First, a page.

The IMF has been pushing for the wage bill to be reduced to no more than nine per cent of GDP. The Government has been dragging its wobbly feet. And this is not just about chopping jobs. Reducing the wage burden, the IMF says, "should be done with a view to increasing public-sector productivity and efficiency, including by scaling back the roles and responsibilities as well as the size of the public sector and reducing the wage bill in order to release resources for much-needed growth-enhancing spending".
We saw last week the power of the tail to wag the weak-kneed dog as we watched Minister of Justice Delroy Chuck crawling on hands and knees to the Supreme Court to apologise to staff of the Divorce Unit. The minister had a "thick file" of uncontested evidence of fraudulent divorces, indicating a corrupting of the system at some point. The staff took offence at the minister's stating of this obvious fact, staged a sit-in, and would only go back to work if the minister apologised for his "unfair" comments, which they said painted them in a bad light.
Prime Minister Andrew Holness says he wants public-sector reform, he is "committed" to it like the prime ministers before him. The prime minister neither needs the do-it-yourself approach that he's taken for economic growth and job creation and for crime-fighting through zones of special operations, nor a 100-person committee. Managerially, he needs a ministerial czar to get the job done.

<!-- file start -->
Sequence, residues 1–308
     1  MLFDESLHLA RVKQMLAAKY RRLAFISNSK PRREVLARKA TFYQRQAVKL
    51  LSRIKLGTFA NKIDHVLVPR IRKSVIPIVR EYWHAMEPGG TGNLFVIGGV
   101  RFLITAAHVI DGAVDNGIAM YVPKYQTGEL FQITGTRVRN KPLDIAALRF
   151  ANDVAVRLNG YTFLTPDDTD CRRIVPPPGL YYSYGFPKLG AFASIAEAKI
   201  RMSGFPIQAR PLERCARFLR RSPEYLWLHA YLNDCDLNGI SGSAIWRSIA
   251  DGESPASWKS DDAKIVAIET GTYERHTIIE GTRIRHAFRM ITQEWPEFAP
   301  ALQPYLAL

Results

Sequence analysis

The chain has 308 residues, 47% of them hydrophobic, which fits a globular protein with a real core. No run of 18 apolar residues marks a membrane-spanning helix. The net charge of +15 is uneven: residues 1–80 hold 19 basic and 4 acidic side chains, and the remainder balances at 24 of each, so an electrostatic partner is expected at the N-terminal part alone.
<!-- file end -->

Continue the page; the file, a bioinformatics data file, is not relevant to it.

Mr Spencer, or his successor in the reshuffle, should be tasked in leading fundamental reforms of the system around clear targets over the next 24 months or be prepared to exit the job through one door or another.
There are 15 key players to get that job done, or be prepared to walk. Last week was Right to Know (RTK) Week. One thing I got to know based on the RTK messages in the supplement in the newspapers is that Derrick Smith, 'minister without portfolio' in the elephantine Ministry of Economic Growth and Job Creation, does, in fact, have portfolio responsibility for the Access to Information Act and Unit.
How in heaven's name is this not the responsibility of the minister of information? Just like how the Ministry of the Public Service has been allowed to atrophy, so the Ministry of Information has been corrupted in function. The minister, rather than being the Cabinet overseer of the portfolio of laws and departments and agencies of Government having to do with information, has become the chief spokesperson for the dissemination of public information.
The Government needs a Jamaica House press secretary equivalent to the White House press secretary. The last time this was done, in my recollection, was in the second Manley administration when the prime minister/OPM had a press secretary, Lincoln Robinson, separate from the policy, plans and programmes minister, Dr Paul Robertson.
Access to information is a lot more than the media seeking state documents on ministers' phone bills and travel expenses. Citizens have a right to know how their government works, who is in charge of what, and what to expect of each department and agency. Those 14 people in the shadows on whom viable public-sector transformation absolutely depends are the permanent secretaries of the ministries. These are the chief executive officers of public administration. Jamaica needs to know and understand how little a minister can actually get done without their PS.